ETF Investing Guide: Was Peter Lynch Really Right?

by: David Jackson

Maximizing your gross return, for most people, means investing in stocks that do well, and preferably beating the market. Most of us think we’re good stock pickers, because we tend to remember (and talk about) our successes.

Well, here are two pieces of bad news. First, in aggregate we can’t all beat the market, because in aggregate we are the market. Second, in my 4 years as a sell-side research analyst, I saw that the only people who consistently beat the market are those with a clear informational or analytical advantage over most other investors. Successful money managers get an “edge” with thorough research and analysis, leading to non-consensus viewpoints that turn out to be correct.

The “non-consensus” part is important. You can be right that a company will do well, but if that’s what everyone else also expects it’s probably priced into the stock already. Yet most individual investors aren’t even aware of what the consensus view reflected in the price of a stock is, and many individuals buy stocks because of something they have read - which means that other people have also read the same thing, which means that the factors that led you to buy the stock are probably already priced in… And most individual investors certainly don’t have an alternate view based on proprietary information, nor the time to do enough research to get an edge over other investors.

Peter Lynch, former manager of the Fidelity Magellan Fund, suggested in his book One Up On Wall Street that individuals could be great investors if they used the information in their everyday lives - the non-insider information at work, the products they saw selling well at the mall - to pick stocks. So perhaps you’re thinking you indeed have an “edge” because of your job, such as knowledge of a particular area of technology.

But there are problems with this. To start with, the value of your expertise might be lower than you realize.

My favorite illustration of the need for skepticism about “expertise” is the Red Herring Portfolio. The Red Herring, the leading magazine about venture capital and venture capitalists that has since closed down, prided itself on knowledge of emerging technologies. Every issue, The Red Herring published a “technology brief”, including snapshots of private and public companies in that area. You’d have thought that The Red Herring Portfolio, a basket of about 15 stocks picked by the magazine and updated monthly, would do extremely well, given the magazine’s focus and expertise in technology.

Well, the Red Herring Portfolio did so badly that the magazine shut down the column in 2002, months before the magazine itself went out of business. To make matters worse, the portfolio performance numbers published by the magazine didn’t include trading costs or capital gains taxes, which would have been crippling as the portfolio changed positions monthly right through the “bubble” and then continued to do so in the subsequent crash.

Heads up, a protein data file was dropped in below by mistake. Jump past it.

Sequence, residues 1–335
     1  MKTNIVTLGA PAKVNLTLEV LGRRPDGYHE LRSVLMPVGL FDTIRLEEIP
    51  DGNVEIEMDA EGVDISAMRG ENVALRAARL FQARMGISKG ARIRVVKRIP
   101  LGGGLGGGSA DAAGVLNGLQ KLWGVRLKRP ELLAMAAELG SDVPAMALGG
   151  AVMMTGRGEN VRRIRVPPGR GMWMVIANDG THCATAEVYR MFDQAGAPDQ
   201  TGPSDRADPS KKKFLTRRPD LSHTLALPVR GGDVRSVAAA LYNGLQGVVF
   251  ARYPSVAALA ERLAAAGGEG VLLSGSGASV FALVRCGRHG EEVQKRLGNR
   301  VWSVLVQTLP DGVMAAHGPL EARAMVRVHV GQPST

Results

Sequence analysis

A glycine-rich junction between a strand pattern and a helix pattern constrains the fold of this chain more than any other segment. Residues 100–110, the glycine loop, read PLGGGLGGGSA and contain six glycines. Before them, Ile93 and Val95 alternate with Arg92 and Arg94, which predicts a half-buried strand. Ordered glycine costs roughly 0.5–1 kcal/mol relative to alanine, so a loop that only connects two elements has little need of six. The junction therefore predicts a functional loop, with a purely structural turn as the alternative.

But as well as questioning the true competitive value of the information you have from your job, here's a more serious risk. If you buy stocks based on the expertise you have from your job, you’ll unnecessarily increase your financial risk.

Here’s what I mean. You’re already highly exposed to your job. After all, it’s your job that pays your salary and probably your retirement contributions and health insurance. The last thing you want to do is to increase your financial exposure to the industry you work in by buying the stocks of your company, its competitors, suppliers and customers.

I saw this clearly in my job as a research analyst covering the communications equipment sector during the boom and bust of 1998 to 2002. Many of my industry contacts were intelligent and sophisticated people who saw that demand for their firms' products was strong, and in some cases realized that their own company (or a competitor) was gaining market share. So they bought stocks in their own sector. Then, when the market for communications equipment subsequently collapsed (to the surprise of most people in the industry), many of them lost not only their jobs, retirement contributions, health insurance and other benefits, but also took a severe hit to their investment portfolios. Their savings took a hit at the time they needed them most.

So in theory, instead of buying stocks based on your work knowledge, what you actually want to do is to hedge your exposure to the industry you work in. You want to ensure that your 401K is not filled with your own company's stock.

Theoretically, you should buy put options or sell short stocks in your sector, particularly your own company’s, to hedge your financial exposure to your job. I say "theoretically" because in practice options trading and short-selling are highly risky (you can easily lose 100% of your money on options and more than 100% selling short), and if you short your own company's stock you could get into legal problems.

But the point is clear. The information you have from your profession or job doesn't give you a stock-picking advantage, because you shouldn't own stocks in your own sector.

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